Best Method for LR Improvement?

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Mike Wang

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Best Method for LR Improvement?

Postby Mike Wang » Sun Jul 31, 2016 5:59 pm

Okay guys so I'm hovering around -5 or so on timed LR sections. Right now I'm focusing on analyzing and breaking down the stim and then analyzing the answer choices before choosing an answer choice with confidence and moving the hell on to the next question. Still feeling pretty rushed on the sections. What's the best way to improve? Goal is -2 max on each LR section.

Is there a point you can get to where you're solely picking the correct answer based almost completely on structure of the answers themselves without regards to actual content? I.e. almost just purely intuitively? I'm trying tk get to that level now. Currently I'm just going balls to the wall doing timed LR sections every day then reviewing my answers. Beginning to recognize that certain answers are precluded from being the correct answer on parallel reasoning questions due to different modifiers in the answer choices (some, all, etc.). Also developing an eye for correct answer choices on assumption questions solely based on whether the answer bridges the gap between a premise and conclusion or rules out a possibility that might negate the arg.

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SunDevil14

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Re: Best Method for LR Improvement?

Postby SunDevil14 » Sun Jul 31, 2016 7:36 pm

Mike Wang wrote:Okay guys so I'm hovering around -5 or so on timed LR sections. Right now I'm focusing on analyzing and breaking down the stim and then analyzing the answer choices before choosing an answer choice with confidence and moving the hell on to the next question. Still feeling pretty rushed on the sections. What's the best way to improve? Goal is -2 max on each LR section.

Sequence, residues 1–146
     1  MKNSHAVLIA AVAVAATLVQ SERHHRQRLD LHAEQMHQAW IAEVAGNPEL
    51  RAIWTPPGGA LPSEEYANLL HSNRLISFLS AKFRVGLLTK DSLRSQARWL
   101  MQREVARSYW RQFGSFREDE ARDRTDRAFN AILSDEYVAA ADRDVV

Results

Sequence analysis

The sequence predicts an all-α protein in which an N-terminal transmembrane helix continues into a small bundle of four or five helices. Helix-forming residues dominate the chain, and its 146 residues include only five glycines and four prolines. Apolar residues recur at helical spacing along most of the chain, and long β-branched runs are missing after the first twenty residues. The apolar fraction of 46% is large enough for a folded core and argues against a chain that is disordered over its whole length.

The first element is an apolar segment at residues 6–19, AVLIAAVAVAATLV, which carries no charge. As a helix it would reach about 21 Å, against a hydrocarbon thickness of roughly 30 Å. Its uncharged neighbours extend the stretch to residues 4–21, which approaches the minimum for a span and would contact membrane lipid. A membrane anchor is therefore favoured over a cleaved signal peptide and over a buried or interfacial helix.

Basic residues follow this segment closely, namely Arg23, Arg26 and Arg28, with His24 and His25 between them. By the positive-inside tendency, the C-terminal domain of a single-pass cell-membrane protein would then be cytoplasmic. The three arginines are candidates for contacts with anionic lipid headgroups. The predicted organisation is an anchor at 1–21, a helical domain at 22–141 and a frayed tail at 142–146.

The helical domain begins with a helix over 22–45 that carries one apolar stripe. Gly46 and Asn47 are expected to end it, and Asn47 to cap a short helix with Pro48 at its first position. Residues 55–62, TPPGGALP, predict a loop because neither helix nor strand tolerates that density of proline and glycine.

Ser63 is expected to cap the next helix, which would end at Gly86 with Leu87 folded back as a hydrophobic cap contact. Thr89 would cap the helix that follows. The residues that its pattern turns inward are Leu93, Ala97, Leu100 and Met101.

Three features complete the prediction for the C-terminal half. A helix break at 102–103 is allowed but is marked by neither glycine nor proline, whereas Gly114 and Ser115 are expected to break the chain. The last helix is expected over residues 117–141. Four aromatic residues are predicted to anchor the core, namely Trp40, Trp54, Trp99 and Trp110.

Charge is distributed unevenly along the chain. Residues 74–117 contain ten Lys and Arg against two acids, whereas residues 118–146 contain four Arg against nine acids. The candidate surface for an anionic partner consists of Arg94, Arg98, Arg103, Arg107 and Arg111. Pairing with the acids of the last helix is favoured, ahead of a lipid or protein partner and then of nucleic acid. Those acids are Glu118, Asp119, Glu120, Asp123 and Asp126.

Is there a point you can get to where you're solely picking the correct answer based almost completely on structure of the answers themselves without regards to actual content? I.e. almost just purely intuitively? I'm trying tk get to that level now. Currently I'm just going balls to the wall doing timed LR sections every day then reviewing my answers. Beginning to recognize that certain answers are precluded from being the correct answer on parallel reasoning questions due to different modifiers in the answer choices (some, all, etc.). Also developing an eye for correct answer choices on assumption questions solely based on whether the answer bridges the gap between a premise and conclusion or rules out a possibility that might negate the arg.


Some of the assumption questions you can pick answers based solely on the structure ("finding the gap"). On some of the flaw questions you can quickly pick out right answers because the stem uses a formal logical fallacy. I suppose other questions that you can use short cuts and pick quick answers are "Main Point/Main Conclusion" and questions that ask specifically about the structure.

I'd suggest the same advice that I was offered. Relentlessly drill the question types that you are weak on and appear most often. If you have not put you PT's into a database, then start doing so. (I recommend 7sage). From there find which question types are highest priority, and then attempt question after question of that type. Furthermore, You can save time by picking up a prep book that complies and separates all the questions by type. Photo copy the question types you struggle with that way you can attempt those questions again after a few weeks. You want to develop your on strategies and approaches for that question type that is quick, easy, accurate, and reliable.



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